The near-empty Souk al-Hamidieh, Damascus, Syria, March 24, 2020 (Omar Sanadiki/Reuters)


One of the five pregnant women at or beyond full term in the Rukban camp (see below) has given birth.

Unable to receive a Caesarean section or to be sent to Jordan for one, the woman is in critical condition as is her baby, who is in urgent need of a respirator.


There is urgent concern over the health of five pregnant women, at or beyond full term, in the Rukban camp in southeast Syria.

The camp’s clinic, with no doctors and limited supplies, says the women — one of whom is 10 days overdue — and their babies are at risk. They says Caesarean sections are needed but must be provided in hospitals in Jordan.

However, the Jordanian border has been closed since an Islamic State attack in 2016. Officials at the US base at Tank, near the Iraq border, have expressed sympathy but have not taken action.

Sources have provided EA with an appeal by Rukban’s political authority to the Jordanian Government:

We respect that the Kingdom of Jordan needs to maintain its safety and security and protect against Coronavirus. But for the sake of our Arab brotherhood, and out of honor for motherhood, for our mothers and your mothers, we hope that these women’s cases can be seen as emergencies and allowed to enter Jordan immediately under whatever security procedures deemed necessary, by the Jordanian Government.

Rukban has been besieged by the Assad regime since autumn 2018, when the main route into the camp was cut. The regime has allowed three aid convoys since January 2018.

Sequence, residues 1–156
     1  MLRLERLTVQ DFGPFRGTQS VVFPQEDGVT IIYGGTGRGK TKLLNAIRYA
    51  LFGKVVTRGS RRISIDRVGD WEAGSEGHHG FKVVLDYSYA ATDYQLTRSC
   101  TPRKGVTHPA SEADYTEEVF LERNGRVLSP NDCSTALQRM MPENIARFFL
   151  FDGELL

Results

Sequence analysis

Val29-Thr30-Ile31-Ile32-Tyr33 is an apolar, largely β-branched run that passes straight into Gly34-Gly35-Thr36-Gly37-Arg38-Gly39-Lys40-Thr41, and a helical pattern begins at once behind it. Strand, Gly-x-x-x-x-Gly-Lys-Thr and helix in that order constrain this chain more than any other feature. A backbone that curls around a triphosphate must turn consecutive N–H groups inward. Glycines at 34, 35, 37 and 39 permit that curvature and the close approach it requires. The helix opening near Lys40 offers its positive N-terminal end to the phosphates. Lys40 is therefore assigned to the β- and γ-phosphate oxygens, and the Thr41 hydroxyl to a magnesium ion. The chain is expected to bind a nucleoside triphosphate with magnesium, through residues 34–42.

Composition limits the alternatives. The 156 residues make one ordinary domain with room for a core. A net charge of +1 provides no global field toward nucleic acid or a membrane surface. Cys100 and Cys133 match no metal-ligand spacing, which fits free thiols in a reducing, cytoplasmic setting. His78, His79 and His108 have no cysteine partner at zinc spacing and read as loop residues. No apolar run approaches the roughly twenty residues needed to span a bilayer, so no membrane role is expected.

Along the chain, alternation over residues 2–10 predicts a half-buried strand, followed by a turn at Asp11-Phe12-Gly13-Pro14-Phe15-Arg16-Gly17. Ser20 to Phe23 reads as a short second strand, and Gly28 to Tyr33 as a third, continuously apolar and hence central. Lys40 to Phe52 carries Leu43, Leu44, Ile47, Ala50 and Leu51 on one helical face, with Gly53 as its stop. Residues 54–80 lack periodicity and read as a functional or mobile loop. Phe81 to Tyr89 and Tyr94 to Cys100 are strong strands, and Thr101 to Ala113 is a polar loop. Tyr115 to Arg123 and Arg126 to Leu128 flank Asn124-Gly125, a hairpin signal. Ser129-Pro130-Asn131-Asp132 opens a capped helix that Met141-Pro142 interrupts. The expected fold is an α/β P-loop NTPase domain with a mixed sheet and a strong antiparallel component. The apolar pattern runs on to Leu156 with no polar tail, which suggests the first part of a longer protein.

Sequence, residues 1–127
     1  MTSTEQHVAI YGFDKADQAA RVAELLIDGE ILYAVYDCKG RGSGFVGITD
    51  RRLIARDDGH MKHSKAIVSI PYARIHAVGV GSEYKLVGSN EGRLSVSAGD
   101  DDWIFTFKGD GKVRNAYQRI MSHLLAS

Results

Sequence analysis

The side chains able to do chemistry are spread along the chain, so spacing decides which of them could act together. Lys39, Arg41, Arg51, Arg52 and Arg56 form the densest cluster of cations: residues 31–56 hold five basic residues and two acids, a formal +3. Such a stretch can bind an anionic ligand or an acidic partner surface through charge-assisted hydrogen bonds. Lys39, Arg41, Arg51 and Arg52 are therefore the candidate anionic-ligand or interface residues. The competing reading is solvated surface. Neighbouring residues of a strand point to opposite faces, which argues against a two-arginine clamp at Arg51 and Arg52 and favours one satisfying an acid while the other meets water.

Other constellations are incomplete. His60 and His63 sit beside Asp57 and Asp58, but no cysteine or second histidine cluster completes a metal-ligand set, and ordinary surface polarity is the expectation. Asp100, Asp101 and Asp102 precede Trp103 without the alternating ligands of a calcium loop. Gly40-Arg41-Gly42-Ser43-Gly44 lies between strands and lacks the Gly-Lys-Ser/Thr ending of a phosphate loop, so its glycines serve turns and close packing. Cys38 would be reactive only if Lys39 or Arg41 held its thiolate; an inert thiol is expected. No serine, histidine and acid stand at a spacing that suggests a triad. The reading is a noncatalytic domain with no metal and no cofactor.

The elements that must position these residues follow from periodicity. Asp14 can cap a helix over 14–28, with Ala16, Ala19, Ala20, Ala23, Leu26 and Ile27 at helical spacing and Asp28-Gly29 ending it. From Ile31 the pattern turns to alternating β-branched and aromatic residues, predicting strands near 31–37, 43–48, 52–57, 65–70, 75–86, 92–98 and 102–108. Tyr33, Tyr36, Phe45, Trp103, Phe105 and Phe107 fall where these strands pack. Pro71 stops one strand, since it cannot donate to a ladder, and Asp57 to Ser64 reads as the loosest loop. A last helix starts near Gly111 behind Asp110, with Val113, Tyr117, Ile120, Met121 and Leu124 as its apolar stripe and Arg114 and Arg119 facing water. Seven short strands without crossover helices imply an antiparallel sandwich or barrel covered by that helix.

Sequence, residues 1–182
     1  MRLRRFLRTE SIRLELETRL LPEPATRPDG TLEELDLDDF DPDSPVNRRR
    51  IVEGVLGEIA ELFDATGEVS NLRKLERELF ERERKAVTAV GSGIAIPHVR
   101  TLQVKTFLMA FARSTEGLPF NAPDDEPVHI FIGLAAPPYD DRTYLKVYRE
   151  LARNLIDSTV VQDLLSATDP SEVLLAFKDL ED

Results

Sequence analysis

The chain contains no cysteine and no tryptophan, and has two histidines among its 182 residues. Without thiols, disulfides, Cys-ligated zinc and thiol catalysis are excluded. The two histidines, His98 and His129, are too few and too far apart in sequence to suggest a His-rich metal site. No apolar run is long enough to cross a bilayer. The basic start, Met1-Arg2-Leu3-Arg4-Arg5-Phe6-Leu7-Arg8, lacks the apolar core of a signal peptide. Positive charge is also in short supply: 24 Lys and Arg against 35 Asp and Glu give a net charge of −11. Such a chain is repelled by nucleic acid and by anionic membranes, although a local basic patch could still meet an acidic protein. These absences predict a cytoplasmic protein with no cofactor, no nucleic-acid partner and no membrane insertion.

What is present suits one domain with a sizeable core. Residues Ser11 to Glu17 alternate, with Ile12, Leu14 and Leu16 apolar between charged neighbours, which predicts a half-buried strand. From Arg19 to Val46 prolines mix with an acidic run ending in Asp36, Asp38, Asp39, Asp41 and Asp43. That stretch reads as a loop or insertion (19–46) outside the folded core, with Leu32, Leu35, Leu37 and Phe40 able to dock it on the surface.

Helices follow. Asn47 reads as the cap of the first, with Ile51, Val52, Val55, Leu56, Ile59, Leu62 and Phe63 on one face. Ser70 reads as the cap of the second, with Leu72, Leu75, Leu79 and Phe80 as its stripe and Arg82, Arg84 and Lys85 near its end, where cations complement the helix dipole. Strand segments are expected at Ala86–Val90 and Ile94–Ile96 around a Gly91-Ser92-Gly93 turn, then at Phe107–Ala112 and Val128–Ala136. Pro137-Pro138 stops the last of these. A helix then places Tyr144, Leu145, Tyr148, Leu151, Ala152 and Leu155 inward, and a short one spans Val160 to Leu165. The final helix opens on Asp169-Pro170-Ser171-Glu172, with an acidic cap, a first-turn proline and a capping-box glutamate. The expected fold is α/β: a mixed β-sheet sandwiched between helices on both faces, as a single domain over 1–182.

The camp once held more than 50,000 people, who fled in 2015 from home areas attacked by the Islamic State. The exhaustion of food, medicines, and supplies has forced many to return despite fear of detention, forced conscription, and intimidaton; however, more than 13,000 remain.

See also Syria Daily, March 13: Rukban Residents — “We Are Being Killed in Silence”

ORIGINAL ENTRY: The Assad regime has imposed a curfew in its areas of Syria as it admitted four more cases of Coronavirus.

The Health Ministry announced the cases on Wednesday, raising the total to five.

Analysts, medical specialists, and residents suspect the regime has covered up news about the spread of the virus before finally acknowledging the first case on Sunday.

The daily curfew lasts from 6 p.m. until 6 a.m., with all shops shut and trade halted.

Two weeks ago the regime pointed to a possible outbreak with the closure of schools, universities, and institutes. All cultural, sporting, and scientific events with crowds were suspended.

On Sunday, a ban on public transport and an amnesty of some prisoners were added. Bakeries were shut, with deliveries of bread made to homes, and printing of newspapers was halted. The regime’s army said it had issued commands to limit gatherings.

The spread of the virus in regime areas has been feared since the outbreak in Iran, an epicenter of the virus, in mid-February.

Iranian troops and Iranian-led foreign militia move back and forth across borders to prop up the regime’s military. The regime says it has suspended flights; however, Iran’s Mahan Air is continuing to operate between Tehran and Damascus, and multiple sources say fighters are also crossing into Syria near al-Bukamal on the Iraq border.